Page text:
The number of actual drops can vary greatly and is especially dependent on the viscosity (thickness) of the oil and the dropper or orifice reducer used.
20 drops ….. 1 ml
75 drops ….. 1 teaspoon
You probably won’t get the same result twice.
Drops are so inaccurate in terms of weight that you can weigh the same number of drops from the same bottle of essential oil several times and you are likely to get a different result. I challenge you to try this for yourself at home too.
Measurements will also vary between suppliers.
Essential oils will vary by batch, by supplier, by geographical region, by plant origin, by growing conditions, etc. etc. etc. In other words, you can buy three different batches of essential oil from three different suppliers and it’s likely that 20 drops of all three essential oils will weigh different to each other.
The opportunity for human error is enormous. You can easily get distracted by something happening around you and you can lose count. You don’t have equipment measuring the drops for you, so you rely on your own ability to count to 20. I like to think that I’m pretty good at counting to 20, but even so I had to keep myself in check a few times as life was passing me by.
Furthermore, the viscosity of the essential oil can cause error in counting too. If the liquid has a low viscosity and drops out of the bottle quickly then you might not be able to keep up. If the liquid has a high viscosity and takes forever to drop out of the bottle, then you might become so bored that you get distracted and lose count.
Because essential oils are concentrated, highly potent substances, a working knowledge of how to use them safely is vital to the success of your efforts. The potential hazards of an essential oil depend on the compounds in the oil, the dosage and frequency used, and the method of application. Here are a few guidelines to ensure safe and effective use of essential oils:
- Don’t use undiluted essential oils on the skin. They can cause burning, skin irritation and photosensitivity. There are a few exceptions to this rule: it is acceptable to use the nonirritating oils lavender or tea tree undiluted on burns, insect bites, pimples and other skin eruptions-as long as you don’t have extremely sensitive skin.
- Use with caution those essential oils that result in photosensitivity. Citrus oils can irritate skin, and some of them will cause uneven pigmentation of the skin upon exposure to sun lamps or sunlight.
- Use with caution those essential oils that are irritating to mucous membrane (the lining of the digestive, respiratory and genito-urinary tracts) and skin. Keep all essential oils away from the eyes.
- Keep all essential oils out of the reach of young children; older children can be taught to respect and properly use essential oils, but they should nevertheless be supervised. In general, when treating children with essential oils use one-third to one-half the adult dosage and select only nontoxic oils. Among the best and safest essential oils for children are lavender, tangerine, mandarin, neroli, frankincense, petitgrain and Roman chamomile.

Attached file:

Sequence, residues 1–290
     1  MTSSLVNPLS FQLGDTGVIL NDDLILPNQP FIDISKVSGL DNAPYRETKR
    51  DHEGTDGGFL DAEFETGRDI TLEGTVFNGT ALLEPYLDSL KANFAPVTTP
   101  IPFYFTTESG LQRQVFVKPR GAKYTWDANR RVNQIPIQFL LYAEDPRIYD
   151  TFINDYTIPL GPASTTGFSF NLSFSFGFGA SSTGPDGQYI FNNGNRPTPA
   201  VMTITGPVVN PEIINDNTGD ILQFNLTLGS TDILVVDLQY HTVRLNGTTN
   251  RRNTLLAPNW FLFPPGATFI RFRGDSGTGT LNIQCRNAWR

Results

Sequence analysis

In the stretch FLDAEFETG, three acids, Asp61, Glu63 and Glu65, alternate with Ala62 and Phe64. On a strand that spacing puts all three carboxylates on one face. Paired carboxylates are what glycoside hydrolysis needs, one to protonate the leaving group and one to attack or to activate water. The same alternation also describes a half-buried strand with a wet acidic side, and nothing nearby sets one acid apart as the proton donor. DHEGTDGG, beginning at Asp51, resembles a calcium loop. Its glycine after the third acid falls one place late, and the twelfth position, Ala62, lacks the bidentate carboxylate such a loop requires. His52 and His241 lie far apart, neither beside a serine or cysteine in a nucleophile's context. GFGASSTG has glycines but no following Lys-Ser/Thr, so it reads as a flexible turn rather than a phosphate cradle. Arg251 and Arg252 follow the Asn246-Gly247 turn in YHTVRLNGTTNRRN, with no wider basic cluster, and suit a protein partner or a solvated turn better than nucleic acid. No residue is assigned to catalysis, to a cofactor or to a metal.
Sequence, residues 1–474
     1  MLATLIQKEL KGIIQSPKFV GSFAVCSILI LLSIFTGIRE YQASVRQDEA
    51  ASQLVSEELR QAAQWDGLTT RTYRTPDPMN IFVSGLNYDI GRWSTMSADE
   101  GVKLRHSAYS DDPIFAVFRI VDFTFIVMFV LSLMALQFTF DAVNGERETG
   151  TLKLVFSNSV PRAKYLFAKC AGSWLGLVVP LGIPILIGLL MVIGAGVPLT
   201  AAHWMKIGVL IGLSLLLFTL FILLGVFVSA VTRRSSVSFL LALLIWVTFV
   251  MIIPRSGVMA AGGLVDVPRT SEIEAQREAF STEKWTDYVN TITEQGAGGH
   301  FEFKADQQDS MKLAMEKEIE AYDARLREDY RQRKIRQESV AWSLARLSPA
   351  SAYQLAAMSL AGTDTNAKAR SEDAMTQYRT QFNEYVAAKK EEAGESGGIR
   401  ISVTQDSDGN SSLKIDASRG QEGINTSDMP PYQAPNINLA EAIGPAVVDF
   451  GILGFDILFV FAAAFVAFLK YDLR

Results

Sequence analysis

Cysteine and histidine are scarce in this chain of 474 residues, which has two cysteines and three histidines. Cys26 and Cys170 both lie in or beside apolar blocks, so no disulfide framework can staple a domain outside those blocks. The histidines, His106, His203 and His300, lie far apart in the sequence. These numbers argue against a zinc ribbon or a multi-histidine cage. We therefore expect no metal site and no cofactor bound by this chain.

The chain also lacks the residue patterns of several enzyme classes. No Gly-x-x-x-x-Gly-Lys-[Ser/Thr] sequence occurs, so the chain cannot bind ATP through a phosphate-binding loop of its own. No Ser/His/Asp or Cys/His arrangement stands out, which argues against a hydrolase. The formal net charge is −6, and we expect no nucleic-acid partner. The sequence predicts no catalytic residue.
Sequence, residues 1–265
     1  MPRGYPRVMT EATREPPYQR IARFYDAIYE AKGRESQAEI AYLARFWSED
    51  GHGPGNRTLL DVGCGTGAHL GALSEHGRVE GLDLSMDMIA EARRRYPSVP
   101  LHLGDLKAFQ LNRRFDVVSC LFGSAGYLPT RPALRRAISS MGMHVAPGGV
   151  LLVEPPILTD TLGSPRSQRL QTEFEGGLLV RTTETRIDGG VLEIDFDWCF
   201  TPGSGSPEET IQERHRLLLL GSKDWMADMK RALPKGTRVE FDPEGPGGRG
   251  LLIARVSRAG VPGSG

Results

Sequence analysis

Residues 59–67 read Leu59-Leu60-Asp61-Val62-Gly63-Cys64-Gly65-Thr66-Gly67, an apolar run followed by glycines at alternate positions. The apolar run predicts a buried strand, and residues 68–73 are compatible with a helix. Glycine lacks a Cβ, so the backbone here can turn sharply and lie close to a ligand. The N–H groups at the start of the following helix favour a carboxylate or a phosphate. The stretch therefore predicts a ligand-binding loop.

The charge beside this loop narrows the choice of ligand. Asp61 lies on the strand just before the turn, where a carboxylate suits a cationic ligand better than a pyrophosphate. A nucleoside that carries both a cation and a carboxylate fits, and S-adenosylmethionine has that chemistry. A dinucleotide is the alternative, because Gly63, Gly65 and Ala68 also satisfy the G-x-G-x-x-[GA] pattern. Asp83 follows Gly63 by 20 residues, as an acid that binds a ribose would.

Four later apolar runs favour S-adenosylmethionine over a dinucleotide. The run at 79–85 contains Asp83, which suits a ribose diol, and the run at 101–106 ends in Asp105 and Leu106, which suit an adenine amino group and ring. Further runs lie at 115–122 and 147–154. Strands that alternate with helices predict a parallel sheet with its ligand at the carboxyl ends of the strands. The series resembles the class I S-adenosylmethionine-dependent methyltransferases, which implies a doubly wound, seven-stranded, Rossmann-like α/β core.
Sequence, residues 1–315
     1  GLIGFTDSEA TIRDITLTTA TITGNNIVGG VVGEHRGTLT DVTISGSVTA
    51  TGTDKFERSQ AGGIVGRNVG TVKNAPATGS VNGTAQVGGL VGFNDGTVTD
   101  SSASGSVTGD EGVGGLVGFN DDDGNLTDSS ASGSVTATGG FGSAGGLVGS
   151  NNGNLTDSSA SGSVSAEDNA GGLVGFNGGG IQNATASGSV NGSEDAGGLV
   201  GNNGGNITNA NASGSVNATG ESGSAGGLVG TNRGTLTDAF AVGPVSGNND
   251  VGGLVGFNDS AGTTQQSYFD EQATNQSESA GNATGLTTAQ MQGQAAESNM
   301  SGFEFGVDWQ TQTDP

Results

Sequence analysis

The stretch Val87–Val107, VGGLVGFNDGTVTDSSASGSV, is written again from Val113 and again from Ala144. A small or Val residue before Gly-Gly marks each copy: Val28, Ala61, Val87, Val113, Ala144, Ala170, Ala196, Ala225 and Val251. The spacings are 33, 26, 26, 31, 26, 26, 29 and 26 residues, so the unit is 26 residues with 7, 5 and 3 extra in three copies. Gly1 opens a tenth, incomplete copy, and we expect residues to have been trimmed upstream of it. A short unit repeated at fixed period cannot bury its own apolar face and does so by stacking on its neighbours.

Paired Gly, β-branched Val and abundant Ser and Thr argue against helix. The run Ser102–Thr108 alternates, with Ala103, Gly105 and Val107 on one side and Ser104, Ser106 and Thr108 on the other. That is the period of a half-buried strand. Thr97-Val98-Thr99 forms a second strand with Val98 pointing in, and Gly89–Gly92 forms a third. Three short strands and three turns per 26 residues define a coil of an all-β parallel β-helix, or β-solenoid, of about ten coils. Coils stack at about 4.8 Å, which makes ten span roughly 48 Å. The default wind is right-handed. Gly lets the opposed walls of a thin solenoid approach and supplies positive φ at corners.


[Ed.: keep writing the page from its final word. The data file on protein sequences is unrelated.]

- Vary the essential oils you use. Using the same facial oil blend for a long period of time is acceptable because it covers a very small part of the body, but daily application of the same blend of oils over your entire body for more than two weeks is not recommended. It is wise to alternate with a blend of different oils containing different chemical constituents at least every two weeks. Uninterrupted use of some oils exposes your liver and kidneys to chemical constituents that may be harmful over time. Rotating the oils gives your body time to process them and allows each oil to work on different levels in its own unique way.
- Be extremely careful before take essential oils orally for therapeutic purposes. Safe ingestion of oils requires a great deal of training and is therefore not recommended for beginners.
- Use essential oils cautiously with those who are elderly, convalescing, or have serious health problems such as asthma, epilepsy or heart disease.
- Be cautious about using essential oils during pregnancy, especially during the first trimester. Even oils that are generally safe during this time may be too stimulating for women who are prone to miscarriage. Because so many oils are best avoided in pregnancy, it is easier to list the safe ones: gentle floral oils such as rose, neroli, lavender, ylang-ylang, chamomile and jasmine absolute, as well as the citruses, geranium, sandalwood, spearmint and frankincense.
- Overexposure to an essential oil, either through the skin or through inhalation, may result in nausea, headache, skin irritation, emotional unease or a “spaced-out” feeling. Getting some fresh air will help overcome these symptoms. If you ever experience skin irritation or accidentally get essential oils in the eyes, dilute with straight vegetable oil, not water.
This information was pull from http://www.healthy.net
The point of this is that essential oils need to be respected and used with caution.